Import/Export Dir. Ulrich Seidl

[Palisades Tartan; 2009]

The daylight-starved, chalky pallor of a fluorescent-lit sex worker. The barren, watched-over retail vistas of a security guard. The perpetual chill that falls in a winter of low-cost human labor. Viennese filmmaker Ulrich Seidel barters such images and ideas in Import/Export, an intriguing 141-minute exercise in Jeanne Dielman-style endurance that flirts with pre-reality TV banality immersion before succumbing to the sordid, rough-and-tumble charms of its characters as they scramble and shill for the all-mighty scrill.

At the heart of Import/Export is Olga (an angelic Ekateryna Rak), a nurse who is having a tough time making ends meet for her family in snow-cloaked Ukraine. She gives live-cam online sex work a stab -- Seidel plays the job for laughs, as Olga tries to memorizes rote, German-language sex talk -- though matters turn decidedly grimmer as she undergoes customers’ verbal abuse. So Olga goes west, to Austria, in search of somewhat more dignified work, picking up dirty adult diapers as a cleaning woman at a geriatric hospital.

Meanwhile, Pauli (Paul Hofmann) is also attempting to carve out an existence in Austria, where he toils as a security guard. When he gets hog-tied and stripped by a gang of young toughs, he rethinks his line of work, hands over his fate to his sleazy stepfather Michael (Michael Thomas), and heads east to the Ukraine. Unfortunately, the older man -- who seems to positively ooze unwholesomeness, from his droopy mustache to his greased mullet -- has an ugly penchant, and talent, for enticing Russian girls (who can barely understand a word he’s saying) to remove their knickers and assume assorted degrading positions.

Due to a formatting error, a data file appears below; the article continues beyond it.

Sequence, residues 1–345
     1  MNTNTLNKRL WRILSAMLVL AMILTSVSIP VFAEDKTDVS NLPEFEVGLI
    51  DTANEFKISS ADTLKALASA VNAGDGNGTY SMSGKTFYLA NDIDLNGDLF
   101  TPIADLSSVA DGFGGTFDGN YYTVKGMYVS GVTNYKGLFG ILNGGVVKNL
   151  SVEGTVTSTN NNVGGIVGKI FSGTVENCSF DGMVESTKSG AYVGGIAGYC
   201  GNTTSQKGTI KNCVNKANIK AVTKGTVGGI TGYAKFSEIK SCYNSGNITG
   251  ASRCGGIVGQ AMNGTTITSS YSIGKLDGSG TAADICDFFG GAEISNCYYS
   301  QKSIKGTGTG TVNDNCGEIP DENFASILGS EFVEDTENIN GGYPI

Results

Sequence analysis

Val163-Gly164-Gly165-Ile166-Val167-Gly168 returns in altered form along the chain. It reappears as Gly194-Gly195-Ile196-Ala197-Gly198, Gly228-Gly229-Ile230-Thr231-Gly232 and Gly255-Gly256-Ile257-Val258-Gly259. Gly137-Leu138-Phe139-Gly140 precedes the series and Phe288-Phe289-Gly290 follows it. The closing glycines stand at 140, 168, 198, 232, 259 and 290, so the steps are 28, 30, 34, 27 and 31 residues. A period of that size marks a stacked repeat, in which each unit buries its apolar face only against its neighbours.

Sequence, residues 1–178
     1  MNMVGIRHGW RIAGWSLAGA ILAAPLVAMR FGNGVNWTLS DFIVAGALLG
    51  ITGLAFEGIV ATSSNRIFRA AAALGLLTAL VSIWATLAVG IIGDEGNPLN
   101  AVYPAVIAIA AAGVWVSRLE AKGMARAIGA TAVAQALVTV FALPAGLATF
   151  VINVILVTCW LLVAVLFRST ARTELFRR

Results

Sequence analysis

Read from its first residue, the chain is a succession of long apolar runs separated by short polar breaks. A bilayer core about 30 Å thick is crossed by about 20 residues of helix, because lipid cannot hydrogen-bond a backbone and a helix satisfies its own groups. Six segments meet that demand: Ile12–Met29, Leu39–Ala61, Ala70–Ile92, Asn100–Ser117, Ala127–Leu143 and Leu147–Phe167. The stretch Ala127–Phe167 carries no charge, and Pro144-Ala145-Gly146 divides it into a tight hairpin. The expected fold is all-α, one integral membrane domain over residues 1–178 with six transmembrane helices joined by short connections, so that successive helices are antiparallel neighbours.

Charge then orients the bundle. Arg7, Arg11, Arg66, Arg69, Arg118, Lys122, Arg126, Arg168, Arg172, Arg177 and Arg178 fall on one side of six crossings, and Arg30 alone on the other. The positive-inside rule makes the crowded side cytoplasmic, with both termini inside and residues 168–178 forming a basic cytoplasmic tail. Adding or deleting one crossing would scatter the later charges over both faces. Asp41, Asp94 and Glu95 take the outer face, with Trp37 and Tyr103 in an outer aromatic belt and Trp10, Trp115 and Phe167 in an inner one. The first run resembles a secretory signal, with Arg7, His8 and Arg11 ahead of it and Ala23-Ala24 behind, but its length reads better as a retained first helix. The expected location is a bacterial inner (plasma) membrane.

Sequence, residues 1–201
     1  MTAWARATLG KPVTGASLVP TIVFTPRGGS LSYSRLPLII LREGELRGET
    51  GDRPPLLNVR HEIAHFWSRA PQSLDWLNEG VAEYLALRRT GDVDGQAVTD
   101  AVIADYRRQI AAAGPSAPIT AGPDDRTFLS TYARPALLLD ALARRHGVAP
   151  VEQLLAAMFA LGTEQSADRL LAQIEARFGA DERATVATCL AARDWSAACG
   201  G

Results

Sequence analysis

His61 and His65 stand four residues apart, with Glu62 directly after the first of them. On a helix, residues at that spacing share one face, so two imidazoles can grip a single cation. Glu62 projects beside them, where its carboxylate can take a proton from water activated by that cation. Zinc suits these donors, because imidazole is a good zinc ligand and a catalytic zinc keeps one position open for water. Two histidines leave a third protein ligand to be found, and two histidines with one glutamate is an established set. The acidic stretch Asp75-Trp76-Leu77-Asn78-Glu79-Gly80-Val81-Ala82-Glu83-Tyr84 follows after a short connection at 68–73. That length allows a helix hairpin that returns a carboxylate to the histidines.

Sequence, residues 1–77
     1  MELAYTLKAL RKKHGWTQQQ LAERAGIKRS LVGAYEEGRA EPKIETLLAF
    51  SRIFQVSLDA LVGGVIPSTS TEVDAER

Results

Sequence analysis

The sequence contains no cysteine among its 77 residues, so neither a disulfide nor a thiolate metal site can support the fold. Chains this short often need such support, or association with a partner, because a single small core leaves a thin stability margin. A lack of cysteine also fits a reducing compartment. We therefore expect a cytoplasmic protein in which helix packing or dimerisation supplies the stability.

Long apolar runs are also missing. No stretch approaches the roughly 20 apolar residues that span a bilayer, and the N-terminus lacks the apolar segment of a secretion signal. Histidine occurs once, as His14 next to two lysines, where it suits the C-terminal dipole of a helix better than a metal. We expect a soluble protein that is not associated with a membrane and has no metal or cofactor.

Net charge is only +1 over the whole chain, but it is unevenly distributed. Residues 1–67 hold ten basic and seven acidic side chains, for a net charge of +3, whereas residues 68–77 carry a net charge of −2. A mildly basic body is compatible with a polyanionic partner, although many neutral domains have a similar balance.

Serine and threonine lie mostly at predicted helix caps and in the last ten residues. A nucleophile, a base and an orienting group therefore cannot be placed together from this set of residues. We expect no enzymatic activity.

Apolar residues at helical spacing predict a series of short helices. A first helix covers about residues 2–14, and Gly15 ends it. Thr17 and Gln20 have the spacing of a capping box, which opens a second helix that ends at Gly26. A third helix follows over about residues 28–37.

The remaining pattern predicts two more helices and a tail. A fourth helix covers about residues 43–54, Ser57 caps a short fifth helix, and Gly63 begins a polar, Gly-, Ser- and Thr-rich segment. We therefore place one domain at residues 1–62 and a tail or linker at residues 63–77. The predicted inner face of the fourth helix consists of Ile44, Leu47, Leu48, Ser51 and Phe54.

"Trading Places" might be the unofficial subtitle of this gritty, lengthy peek into the workstyles of the immigrant poor. Needless to say, its unflinching, clear-eyed look at a borderless Europe, particularly during this time of worldwide recession, is timely. Of course, Chantal Ackerman is a reference point for Seidel, but so are Karl Marx and Charles Bukowski: after all, what won’t these characters do for a buck? It’s all up for grabs in the fluid yet turbulent waters of the global economy. And, as Import/Export’s characters submit to their various humiliations, Seidel’s gaze is by turns both glaringly harsh and carefully affectionate: he’s a frustrated union organizer and a fearsome moralist. Here, abjection is his forte -- and the focal point of his quiet outrage.

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